Nairobi News

General

Don’t wait until people die. Time to act is now

The nation this week woke up to the shocking news that 76 people had died after drinking illicit brews.

The killer brews, known variously as Kumi Kumi, Wings, Moonshine, Kathavuria and Countryman are said to have been laced with deadly chemicals, supposedly to increase their potency.

Surprisingly, of the 76 who lost their lives, there was no mention of the six who died in Connections, Embakasi. They were said to have taken the liquor called Wings, which had been smuggled from a distillery in Ruai by one of the employees, who was among the victims.

It was not until the story was carried by NairobiNews that police swung into action, storming the distillery to arrest the proprietors. As expected, they had already gone into hiding.

It later emerged that police had earlier arrested the owner of the den where the six victims consumed the killer brew. For some unexplained reasons, the man was released after paying a Sh10,000 cash bond.

Reports indicate he has since gone underground, obviously aware of the severity of the sentence he is likely to get if he is taken to court and charged with killing the six and blinding two others.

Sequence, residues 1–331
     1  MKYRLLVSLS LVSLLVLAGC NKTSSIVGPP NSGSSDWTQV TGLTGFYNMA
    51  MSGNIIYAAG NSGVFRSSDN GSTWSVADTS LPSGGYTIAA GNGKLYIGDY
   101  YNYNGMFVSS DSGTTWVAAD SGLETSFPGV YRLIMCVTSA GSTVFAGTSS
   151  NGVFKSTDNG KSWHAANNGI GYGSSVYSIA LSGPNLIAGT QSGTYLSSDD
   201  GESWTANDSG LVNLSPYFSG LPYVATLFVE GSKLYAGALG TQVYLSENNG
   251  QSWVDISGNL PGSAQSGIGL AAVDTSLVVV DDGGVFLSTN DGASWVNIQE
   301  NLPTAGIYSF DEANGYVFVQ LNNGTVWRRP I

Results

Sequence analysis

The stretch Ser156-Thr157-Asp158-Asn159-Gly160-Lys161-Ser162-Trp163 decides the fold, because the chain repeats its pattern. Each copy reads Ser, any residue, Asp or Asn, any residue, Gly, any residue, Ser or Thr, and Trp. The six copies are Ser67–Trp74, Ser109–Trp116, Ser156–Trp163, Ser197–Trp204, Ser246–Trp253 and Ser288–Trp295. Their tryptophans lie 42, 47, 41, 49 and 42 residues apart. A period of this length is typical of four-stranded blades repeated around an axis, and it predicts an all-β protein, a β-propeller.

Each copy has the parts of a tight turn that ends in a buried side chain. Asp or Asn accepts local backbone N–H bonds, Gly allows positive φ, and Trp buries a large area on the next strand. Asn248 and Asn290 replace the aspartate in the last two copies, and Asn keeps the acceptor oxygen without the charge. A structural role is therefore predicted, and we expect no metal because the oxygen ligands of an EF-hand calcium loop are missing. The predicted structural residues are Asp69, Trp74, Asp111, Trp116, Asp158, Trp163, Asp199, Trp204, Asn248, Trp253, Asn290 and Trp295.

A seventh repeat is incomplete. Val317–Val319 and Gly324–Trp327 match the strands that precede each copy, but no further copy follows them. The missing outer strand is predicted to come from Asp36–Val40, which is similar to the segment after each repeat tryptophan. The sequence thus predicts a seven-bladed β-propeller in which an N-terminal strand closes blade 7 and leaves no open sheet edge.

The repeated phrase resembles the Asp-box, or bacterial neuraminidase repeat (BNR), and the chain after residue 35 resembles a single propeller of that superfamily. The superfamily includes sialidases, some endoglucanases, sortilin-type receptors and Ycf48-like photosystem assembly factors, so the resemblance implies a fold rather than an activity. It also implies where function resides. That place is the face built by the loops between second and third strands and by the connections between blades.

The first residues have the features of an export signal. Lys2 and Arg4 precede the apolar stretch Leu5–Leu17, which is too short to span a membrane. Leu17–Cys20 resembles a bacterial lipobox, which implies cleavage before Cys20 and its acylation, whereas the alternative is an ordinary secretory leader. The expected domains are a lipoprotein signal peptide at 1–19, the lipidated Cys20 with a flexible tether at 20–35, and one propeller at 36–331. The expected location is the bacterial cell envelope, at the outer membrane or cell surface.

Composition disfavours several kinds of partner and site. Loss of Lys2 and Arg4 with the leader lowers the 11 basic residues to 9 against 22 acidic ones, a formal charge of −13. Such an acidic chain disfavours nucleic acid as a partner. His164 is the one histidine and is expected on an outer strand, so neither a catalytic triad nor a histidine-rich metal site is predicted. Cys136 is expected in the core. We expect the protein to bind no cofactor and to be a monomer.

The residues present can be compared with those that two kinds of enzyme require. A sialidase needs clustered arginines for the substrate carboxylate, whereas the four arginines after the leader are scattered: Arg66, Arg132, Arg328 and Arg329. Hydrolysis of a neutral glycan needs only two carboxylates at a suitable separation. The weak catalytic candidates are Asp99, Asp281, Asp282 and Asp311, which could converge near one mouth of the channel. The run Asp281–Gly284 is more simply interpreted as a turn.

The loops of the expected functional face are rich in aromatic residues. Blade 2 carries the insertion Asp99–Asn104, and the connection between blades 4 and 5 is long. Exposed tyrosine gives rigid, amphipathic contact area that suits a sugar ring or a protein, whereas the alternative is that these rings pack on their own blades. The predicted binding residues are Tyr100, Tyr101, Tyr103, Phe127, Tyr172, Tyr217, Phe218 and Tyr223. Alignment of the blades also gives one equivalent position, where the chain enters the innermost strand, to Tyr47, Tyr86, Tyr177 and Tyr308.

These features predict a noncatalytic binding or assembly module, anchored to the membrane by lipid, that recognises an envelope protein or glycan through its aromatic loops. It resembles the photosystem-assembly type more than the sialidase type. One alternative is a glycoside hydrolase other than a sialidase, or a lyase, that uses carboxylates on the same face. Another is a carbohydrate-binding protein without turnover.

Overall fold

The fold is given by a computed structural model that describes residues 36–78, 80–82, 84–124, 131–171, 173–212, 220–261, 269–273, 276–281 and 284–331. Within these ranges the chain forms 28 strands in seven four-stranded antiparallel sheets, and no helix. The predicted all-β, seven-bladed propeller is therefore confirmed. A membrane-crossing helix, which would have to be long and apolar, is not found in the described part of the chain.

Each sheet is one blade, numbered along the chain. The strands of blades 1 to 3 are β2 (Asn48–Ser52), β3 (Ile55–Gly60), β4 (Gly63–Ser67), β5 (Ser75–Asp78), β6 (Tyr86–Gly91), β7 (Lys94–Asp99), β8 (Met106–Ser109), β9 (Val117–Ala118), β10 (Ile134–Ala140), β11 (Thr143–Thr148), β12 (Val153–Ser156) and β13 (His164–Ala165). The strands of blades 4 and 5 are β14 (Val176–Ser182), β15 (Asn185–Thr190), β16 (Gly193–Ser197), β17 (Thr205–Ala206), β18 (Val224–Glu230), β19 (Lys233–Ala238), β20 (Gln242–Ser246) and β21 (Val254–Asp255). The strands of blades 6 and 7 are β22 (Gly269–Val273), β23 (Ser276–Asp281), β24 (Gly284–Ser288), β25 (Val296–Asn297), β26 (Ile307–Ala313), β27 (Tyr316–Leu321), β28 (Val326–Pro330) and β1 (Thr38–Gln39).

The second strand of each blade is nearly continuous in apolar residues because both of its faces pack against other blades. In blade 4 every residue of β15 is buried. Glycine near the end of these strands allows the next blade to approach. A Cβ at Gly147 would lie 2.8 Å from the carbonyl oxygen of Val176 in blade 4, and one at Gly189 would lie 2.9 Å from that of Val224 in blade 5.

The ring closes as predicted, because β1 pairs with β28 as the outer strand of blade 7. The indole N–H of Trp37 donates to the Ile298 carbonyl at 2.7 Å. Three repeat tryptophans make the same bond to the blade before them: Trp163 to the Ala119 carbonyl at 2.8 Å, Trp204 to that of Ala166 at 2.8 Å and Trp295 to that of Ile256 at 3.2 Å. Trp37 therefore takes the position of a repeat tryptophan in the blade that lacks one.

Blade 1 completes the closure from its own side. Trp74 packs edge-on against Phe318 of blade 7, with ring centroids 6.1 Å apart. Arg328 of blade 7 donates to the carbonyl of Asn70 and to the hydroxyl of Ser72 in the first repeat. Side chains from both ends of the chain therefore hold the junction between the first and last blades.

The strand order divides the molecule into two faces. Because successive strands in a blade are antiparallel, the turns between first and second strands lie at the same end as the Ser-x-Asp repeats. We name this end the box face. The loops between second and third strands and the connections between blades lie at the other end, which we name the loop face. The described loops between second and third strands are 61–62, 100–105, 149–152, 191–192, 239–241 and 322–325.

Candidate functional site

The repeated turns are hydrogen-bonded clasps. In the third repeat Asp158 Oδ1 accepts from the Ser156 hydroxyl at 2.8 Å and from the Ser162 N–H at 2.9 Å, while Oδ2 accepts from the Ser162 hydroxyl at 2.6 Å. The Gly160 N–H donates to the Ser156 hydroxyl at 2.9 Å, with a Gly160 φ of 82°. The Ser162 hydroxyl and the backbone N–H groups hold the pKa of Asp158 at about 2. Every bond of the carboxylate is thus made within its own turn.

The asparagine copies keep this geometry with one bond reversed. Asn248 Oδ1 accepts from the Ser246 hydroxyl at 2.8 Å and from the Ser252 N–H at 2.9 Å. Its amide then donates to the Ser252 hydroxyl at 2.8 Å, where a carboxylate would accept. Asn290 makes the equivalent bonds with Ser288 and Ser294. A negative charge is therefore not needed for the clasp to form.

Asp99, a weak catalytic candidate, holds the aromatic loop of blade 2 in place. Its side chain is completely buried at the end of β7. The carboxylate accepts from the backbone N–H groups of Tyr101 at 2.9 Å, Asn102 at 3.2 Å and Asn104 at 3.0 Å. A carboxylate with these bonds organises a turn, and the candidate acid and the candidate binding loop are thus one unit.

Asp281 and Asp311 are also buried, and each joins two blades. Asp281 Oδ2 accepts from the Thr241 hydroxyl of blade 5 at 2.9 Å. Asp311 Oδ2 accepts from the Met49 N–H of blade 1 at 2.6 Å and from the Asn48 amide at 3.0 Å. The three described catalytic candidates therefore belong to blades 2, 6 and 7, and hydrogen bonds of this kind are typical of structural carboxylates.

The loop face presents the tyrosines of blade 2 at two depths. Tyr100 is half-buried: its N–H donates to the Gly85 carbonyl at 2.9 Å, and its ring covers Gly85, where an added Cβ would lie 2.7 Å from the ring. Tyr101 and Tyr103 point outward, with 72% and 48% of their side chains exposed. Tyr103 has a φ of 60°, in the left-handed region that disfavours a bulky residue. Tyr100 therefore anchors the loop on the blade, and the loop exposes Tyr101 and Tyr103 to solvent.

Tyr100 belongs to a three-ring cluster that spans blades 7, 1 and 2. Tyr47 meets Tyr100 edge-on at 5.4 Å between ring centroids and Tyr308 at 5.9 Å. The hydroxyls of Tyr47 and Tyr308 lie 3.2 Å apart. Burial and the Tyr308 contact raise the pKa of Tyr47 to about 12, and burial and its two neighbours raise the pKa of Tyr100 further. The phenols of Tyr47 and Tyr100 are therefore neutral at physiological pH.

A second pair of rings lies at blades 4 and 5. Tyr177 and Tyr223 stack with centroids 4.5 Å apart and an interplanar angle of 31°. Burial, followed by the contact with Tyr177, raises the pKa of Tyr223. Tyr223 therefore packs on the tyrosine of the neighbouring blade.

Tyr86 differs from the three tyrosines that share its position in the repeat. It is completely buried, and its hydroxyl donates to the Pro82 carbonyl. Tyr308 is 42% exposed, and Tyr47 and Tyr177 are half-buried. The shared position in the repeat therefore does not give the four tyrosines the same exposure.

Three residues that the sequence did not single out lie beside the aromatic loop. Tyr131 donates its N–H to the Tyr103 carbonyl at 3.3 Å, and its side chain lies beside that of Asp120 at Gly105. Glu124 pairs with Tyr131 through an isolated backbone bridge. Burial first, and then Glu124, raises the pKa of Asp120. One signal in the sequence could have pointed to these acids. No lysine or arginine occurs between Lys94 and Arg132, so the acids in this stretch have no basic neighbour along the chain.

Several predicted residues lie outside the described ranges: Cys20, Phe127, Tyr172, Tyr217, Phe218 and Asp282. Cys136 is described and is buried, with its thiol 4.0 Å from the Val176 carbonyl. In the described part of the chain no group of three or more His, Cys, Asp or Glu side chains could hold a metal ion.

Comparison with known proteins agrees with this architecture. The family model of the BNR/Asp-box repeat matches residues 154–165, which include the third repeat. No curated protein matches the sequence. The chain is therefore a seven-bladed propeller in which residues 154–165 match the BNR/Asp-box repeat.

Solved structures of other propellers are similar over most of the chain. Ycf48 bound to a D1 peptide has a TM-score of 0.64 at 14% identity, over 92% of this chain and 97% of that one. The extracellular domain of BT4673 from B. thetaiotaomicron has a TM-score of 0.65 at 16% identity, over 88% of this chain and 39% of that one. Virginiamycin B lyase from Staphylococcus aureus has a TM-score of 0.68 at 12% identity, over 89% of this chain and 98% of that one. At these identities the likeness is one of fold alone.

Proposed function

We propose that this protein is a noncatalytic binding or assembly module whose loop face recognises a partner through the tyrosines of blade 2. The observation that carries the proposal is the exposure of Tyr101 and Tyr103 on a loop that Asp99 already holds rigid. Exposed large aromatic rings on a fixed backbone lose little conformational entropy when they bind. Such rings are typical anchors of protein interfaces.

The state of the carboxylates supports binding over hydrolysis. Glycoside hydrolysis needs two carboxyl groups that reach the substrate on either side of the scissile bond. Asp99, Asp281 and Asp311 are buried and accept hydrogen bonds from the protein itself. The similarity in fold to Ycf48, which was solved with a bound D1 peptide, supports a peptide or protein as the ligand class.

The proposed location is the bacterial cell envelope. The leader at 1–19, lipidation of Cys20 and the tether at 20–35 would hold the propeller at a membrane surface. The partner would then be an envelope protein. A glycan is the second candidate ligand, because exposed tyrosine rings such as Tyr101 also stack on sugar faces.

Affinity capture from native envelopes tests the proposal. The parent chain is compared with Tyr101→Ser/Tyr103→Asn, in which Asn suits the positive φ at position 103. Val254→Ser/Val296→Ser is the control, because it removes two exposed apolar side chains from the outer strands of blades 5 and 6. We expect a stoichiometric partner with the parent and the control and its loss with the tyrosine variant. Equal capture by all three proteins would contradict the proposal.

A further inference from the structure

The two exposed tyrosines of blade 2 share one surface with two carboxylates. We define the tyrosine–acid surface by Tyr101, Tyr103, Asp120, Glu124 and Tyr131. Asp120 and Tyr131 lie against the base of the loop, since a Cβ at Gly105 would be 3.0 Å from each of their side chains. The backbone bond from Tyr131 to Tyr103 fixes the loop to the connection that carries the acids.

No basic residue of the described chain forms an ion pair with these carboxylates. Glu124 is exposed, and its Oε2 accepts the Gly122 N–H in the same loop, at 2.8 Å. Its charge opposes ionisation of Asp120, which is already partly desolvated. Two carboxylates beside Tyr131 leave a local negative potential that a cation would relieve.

The fact that the death of the six could have gone unnoticed speaks volumes about the casual approach authorities have towards the wellbeing of city residents.

Yet statistics from the National Authority for Campaign against Alcohol and Drug Abuse (Nacada) have consistently ranked Nairobi as having the highest number of distilleries specialising in cheap liquor.

One wonders whether the regulatory bodies including the Kenya Bureau of Standards (Kebs) and even Nacada ever inspect these distilleries to check the quality of the drink they make and sell to the low end consumer in the city and its surroundings.

When contacted for comment Kebs said the drink is uninspected meaning the alcohol quantities are unknown.

Why should the regulatory body wait until people die to issue such a statement? Does Kebs have inspectors to tell which drinks are safe?

It is high time authorities, including the police, the regulatory bodies and the county government moved quickly to crack down on the distilleries, many of them illegal, mushrooming in virtually every corner of the county.